About Thomas Paine 1737 to 1809

Thomas Paine

Oil painting by Auguste Milli��re (1880), painted after an engraving by William Sharp, after a portrait by George Romney (1792).

Coomon Sense

Pamphlet ''Common Sense''
written by Thomas Paine in 1776

Statue of Thomas Paine in Norfolk England

Statue of Thomas Paine
in Norfolk England.

Thomas Paine

Thomas Paine was the most remarkable political writer and radical thinker of the 18th century producing a series of influential pamphlets and books advocating political and social  change which championed the rights of the common man thereby playing a prominent part in both American and French Revolutions.

His parents moved to Thetford in 1736 where his father set up a business as a staymaker. It was there on 29th January 1737 that Thomas Paine was born.

He attended the Quaker Meeting house where his father was a Friend and where the pacifist philosophy no doubt formed his humanitarian ideas. He received a good education at the local Free Grammar School and was apprenticed to his father's trade on leaving the school.

At the age of 20 he moved away to London never to return. In 1759 he came to Sandwich and opened a shop in his father's trade at 20 New Street, now called ''Tom Paine's Cottage'', the wall over the door bears a plaque to that effect.

He married a local girl, Mary Lambert in St. Peter's Church. She was a companion-maid to Mrs. Richard Solley, a woollen draper of the town. Her father was an excise man and he later entered that profession holding several posts and writing his first pamphlet ''The Case of the Officers of Excise''. Only one year after his marriage Mary died and after a short time Tom moved away to settle in Lewes, Sussex.

Benjamin Franklin, the American statesman, was in London at that time (see link to Franklin��s house on the right) and he recognised Tom's talents prompting him to set sail for the new World in 1774 armed with a letter of introduction. There he became editor of the new Pennsylvania Magazine and in 1776 he wrote his famous pamphlet ''Common Sense'' followed by a series called ''American Crisis''.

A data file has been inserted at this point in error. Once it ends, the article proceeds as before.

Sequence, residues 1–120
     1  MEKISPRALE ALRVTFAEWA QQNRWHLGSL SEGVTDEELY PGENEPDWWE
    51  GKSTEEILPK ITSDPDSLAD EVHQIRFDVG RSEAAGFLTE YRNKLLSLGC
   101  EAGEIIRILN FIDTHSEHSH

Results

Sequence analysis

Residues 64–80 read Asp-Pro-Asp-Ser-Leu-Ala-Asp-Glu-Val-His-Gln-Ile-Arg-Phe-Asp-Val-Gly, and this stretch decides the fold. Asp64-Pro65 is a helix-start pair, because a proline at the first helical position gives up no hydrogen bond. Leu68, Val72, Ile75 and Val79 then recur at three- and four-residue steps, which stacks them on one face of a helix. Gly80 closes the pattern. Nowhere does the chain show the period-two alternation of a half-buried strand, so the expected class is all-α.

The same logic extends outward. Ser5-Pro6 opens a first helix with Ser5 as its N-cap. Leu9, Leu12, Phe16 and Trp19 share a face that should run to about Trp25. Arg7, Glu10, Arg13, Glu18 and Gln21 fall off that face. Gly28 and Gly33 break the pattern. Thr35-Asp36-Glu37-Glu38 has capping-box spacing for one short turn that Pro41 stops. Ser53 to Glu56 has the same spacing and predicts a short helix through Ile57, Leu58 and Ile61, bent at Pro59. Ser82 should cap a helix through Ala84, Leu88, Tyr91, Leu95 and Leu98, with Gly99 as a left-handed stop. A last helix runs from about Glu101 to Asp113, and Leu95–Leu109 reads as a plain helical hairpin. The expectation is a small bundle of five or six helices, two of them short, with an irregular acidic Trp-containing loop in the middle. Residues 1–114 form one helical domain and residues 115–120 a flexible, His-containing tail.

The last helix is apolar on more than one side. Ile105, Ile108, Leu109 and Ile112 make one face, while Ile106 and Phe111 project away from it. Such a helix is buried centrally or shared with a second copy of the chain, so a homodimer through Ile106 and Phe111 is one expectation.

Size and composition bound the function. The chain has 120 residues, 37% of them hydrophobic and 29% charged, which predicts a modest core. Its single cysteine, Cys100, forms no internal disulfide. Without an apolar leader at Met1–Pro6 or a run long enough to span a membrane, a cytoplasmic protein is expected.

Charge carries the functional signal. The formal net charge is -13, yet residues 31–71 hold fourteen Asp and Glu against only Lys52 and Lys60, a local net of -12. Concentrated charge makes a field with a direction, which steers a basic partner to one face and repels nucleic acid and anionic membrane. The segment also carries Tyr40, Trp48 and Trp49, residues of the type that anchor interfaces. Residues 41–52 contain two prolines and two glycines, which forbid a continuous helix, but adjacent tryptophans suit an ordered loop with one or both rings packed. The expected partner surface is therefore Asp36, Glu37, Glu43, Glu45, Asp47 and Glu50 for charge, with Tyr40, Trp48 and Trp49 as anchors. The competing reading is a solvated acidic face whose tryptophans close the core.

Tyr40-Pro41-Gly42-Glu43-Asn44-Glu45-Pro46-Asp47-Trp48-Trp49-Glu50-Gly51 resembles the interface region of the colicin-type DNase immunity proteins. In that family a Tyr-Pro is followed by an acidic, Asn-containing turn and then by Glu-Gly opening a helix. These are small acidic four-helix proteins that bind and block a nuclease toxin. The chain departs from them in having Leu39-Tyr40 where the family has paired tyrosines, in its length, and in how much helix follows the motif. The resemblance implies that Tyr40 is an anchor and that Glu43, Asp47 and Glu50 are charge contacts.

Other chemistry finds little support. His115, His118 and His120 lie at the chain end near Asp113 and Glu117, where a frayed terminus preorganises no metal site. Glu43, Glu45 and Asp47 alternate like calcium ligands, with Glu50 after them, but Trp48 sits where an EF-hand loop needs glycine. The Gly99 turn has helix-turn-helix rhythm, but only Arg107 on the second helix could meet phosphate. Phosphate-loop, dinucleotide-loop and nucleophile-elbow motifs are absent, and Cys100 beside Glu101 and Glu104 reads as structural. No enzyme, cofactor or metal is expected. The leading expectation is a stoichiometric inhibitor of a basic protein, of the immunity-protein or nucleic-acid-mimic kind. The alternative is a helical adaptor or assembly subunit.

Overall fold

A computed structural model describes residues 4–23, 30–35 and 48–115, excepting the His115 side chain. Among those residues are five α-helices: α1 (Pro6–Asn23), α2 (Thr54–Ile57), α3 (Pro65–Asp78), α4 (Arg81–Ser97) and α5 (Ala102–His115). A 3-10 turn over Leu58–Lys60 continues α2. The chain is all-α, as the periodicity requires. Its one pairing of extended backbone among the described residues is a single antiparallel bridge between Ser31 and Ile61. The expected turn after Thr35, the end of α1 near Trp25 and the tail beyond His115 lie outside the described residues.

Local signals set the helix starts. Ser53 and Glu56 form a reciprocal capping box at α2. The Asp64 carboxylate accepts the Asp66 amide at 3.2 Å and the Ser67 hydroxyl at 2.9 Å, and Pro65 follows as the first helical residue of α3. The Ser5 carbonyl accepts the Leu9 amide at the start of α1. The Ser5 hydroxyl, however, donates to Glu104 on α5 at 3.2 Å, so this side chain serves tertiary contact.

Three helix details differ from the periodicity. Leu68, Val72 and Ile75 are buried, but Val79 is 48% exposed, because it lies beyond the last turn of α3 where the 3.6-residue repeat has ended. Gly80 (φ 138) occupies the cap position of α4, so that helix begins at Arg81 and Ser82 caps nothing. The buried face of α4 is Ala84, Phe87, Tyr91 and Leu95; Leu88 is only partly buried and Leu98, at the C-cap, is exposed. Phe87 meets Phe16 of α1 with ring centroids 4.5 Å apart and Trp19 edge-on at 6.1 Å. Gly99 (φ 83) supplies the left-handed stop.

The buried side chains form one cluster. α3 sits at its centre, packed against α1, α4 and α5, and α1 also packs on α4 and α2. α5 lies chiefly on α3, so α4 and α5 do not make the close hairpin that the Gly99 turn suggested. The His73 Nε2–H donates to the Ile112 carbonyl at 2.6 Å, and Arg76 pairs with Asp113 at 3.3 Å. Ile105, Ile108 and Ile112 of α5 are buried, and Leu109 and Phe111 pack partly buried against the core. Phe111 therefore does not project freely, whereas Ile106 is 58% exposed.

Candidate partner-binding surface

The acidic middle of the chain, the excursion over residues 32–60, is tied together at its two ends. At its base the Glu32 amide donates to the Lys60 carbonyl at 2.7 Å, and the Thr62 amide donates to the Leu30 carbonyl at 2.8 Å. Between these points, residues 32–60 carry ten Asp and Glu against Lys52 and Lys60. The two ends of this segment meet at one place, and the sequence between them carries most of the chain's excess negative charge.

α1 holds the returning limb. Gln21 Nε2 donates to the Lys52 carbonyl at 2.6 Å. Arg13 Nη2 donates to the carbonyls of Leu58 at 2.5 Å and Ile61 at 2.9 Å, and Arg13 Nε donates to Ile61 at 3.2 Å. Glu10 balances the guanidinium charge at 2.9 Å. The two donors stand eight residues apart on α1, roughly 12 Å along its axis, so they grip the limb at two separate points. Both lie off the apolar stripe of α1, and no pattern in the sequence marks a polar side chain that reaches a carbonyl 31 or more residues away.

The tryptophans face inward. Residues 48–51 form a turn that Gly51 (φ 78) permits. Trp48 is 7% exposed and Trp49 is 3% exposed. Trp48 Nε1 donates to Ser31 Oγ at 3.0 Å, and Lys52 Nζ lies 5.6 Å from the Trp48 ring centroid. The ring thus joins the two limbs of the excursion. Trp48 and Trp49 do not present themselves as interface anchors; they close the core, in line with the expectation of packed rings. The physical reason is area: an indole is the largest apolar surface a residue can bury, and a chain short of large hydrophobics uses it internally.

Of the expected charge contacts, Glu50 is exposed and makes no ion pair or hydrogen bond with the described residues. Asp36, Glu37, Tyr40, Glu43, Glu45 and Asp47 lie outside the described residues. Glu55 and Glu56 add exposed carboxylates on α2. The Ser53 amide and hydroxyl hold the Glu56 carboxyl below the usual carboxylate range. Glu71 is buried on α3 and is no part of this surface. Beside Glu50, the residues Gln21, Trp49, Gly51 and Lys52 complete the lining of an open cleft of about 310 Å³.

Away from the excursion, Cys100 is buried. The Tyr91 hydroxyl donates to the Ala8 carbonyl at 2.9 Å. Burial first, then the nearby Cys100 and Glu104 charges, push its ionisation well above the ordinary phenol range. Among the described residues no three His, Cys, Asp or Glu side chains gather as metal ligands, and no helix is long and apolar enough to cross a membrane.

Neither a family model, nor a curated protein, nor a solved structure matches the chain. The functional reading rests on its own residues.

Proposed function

In a later pamphlet he coined the phrase ''United States of America and many of his ideas fostered the American people's desires for complete freedom of government and were incorporated in the ''Declaration of Independence''. His work was rewarded by a large area of land to farm in ''New Rochelle'' in New York State.

In 1787 Paine returned to England for a short time becoming the unofficial American Ambassador in London and there meeting Thomas Jefferson and later the Marquis de Lafayette in France. There he formulated his work ''Rights of Man'' putting  forward revolutionary  ideas on political and social change followed by the second part in 1792 containing his remarkable security plan that has served as a basis for schemes ever since adopted.

In France he was given a hero's welcome being made an honorary citizen. He drafted a new Constitution however, being a pacifist by nature, he was imprisoned during  ��The Terror'' and narrowly escaped the guillotine. During this time he continued with his last major work ''The Age of Reason''.

Paine was eventually released from prison as an American citizen returning disillusioned to America in 1802. He continued his political writings and scientific interests although his health was declining.

He died on the 8th June 1809 at New Rochelle and was buried on his farm. His remains were brought back to England in 1819 but his place of burial is not known.

(Sources: Sandwich History Society & Wikimedia for the images)